Chronic Back Pain Can Be Managed by Stimulating the Autonomic Nervous System

Aging comes with a lot of changes in the human body – cells weaken and break down faster, bones become weaker, and standing for hours becomes difficult. For some people, standing straight becomes a problem too, and a higher population experience lower back pains. Lower back pain is a very common reason for visits to the doctor. This is because one of the changes in the human body that occurs as one gets older is a reduction in the fluid content between the vertebrae. This causes contact between the vertebrae, thereby resulting in pain.

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Back Pain

Back Pain

Generally, pain can be acute or chronic. Acute pain lasts anywhere from a few days to a few weeks. Acute pain becomes chronic when it lasts for three to six months, though, how and why acute pain develops into chronic pain is still not certain. It has been found that in patients with chronic lower back pain (CLBP), there is a change in how the central nervous system processes the pain in a way that alters the autonomic nervous system (ANS) balance. It is believed that this change is the reason the pain persists. Studies have been carried out to find out why this change occurs, and how to stop it and restore the normal ANS balance.

Non-invasive brain stimulation vs ANS balance

Researchers have been on the move to uncover the reason for the imbalance in ANS during chronic pain occurrence. It is believed that discovering this would make it easier for doctors to treat chronic pain effectively. Since the brain is the control-house of the human body, every stimulus, including pain, entering the body, reaches the brain and its intensity is determined by the activities that go on in the brain after reaching it.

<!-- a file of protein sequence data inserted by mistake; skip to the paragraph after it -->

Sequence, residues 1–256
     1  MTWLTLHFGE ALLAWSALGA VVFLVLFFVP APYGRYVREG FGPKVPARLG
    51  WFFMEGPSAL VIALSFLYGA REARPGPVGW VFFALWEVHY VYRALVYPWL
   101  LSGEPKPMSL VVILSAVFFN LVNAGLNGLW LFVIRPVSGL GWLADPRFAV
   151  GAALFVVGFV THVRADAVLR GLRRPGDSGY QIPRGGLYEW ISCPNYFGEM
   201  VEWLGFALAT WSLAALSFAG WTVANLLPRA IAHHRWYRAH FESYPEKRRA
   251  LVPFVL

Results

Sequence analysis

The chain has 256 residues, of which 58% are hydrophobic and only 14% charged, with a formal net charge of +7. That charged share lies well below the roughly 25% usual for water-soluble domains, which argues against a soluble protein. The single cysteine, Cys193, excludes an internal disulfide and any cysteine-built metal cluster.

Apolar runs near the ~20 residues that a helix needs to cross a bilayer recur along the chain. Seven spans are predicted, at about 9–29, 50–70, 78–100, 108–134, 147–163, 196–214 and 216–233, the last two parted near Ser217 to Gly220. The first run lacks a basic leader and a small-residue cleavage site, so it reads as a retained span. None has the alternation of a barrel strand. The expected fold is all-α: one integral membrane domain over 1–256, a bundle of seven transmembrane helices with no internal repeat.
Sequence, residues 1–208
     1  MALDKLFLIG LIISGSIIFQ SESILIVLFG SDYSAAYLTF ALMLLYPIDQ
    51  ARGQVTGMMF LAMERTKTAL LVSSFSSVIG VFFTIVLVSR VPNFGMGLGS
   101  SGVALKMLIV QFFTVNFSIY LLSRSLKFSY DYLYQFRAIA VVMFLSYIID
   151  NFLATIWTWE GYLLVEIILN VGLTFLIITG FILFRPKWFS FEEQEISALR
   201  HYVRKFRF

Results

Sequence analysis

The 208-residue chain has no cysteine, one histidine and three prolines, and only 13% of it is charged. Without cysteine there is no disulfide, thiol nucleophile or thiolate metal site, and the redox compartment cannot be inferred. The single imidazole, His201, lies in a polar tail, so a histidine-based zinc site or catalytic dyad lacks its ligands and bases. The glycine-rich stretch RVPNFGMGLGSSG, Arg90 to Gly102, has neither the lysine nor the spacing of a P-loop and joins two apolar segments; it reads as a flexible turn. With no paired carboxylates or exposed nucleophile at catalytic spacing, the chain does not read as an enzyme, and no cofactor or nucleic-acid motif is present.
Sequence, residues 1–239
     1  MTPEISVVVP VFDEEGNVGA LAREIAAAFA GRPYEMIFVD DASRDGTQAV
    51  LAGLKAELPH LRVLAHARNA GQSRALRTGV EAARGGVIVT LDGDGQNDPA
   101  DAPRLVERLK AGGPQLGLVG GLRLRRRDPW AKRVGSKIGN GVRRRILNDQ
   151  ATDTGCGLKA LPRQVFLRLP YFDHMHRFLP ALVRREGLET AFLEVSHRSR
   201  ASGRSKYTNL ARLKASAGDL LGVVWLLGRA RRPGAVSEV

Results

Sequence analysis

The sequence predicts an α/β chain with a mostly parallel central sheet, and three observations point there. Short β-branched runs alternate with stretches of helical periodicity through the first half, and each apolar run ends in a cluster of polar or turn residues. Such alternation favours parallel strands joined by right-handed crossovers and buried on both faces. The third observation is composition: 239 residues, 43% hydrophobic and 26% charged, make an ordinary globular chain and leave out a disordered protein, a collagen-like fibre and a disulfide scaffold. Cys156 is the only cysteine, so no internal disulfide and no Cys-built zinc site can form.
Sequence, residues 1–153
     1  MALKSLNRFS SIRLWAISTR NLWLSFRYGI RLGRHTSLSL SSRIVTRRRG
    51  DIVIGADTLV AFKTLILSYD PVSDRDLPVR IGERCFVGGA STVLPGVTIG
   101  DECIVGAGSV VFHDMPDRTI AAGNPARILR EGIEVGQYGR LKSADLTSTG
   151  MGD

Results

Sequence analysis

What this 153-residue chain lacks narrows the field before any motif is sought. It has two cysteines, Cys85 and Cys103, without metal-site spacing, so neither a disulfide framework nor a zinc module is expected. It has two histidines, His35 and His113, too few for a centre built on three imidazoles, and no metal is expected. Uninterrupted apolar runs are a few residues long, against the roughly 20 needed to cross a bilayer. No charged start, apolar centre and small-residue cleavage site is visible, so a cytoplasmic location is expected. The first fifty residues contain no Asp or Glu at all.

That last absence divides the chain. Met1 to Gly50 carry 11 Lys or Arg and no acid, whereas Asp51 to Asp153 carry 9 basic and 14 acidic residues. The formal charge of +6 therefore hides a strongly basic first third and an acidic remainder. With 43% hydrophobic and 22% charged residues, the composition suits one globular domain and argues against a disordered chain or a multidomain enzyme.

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During the research, it was discovered that during the occurrence of chronic pain, the activity of the central nervous system affects the balance of the ANS outside its normal levels during pain processing. To restore this balance, a randomized, double-blind, crossover, sham-controlled study was done to determine whether the use of transcranial alternating current stimulation (a form of non-invasive brain stimulation) would be effective.

ANS metrics from a previously published study of transcranial alternating current stimulation (tACS) were used. The ANS metrics include heart rate variability (HRV) and respiratory sinus arrhythmia (RSA). HRV reflected the balance of both parasympathetic and sympathetic ANS actions, while RSA reflected the balance of parasympathetic ANS action only. The study examined the outcome of 10Hz-tACS on both ANS balance metrics as calculated from electrocardiogram (ECG). Observations were taken 2mins before and after 40mins of 10Hz-tACS.

At the end of the study, there were no observable changes in both metrics. However, exploratory analyses on time-domain HRV showed a reasonable increase in the standard deviation of normal intervals between R-peaks (SDNN), another metric of ANS balance with sham.

Clinical significance 

Although the non-invasive stimulation technique used had no significant effect on RSA, exploratory analysis on HRV revealed that ANS can be regulated by tACS. This means that the balance can be restored, and CLBP can be reduced. These findings would help for the innovation of better treatment procedures for CLBP, and a consequent reduction in the potential disabled population it can cause.

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Conclusion

Chronic lower back pain has remained a common cause of a visit to the doctor, especially among the older population. It is also known to be the second most prevalent cause of disability in adults. This study provides a means for more effective treatment options to be discovered.

References

Targeting the Autonomic Nervous System Balance in Patients with Chronic Low Back Pain using Transcranial Alternating Current Stimulation: A Randomized, Crossover, Double-Blind, Placebo-Controlled Pilot Study

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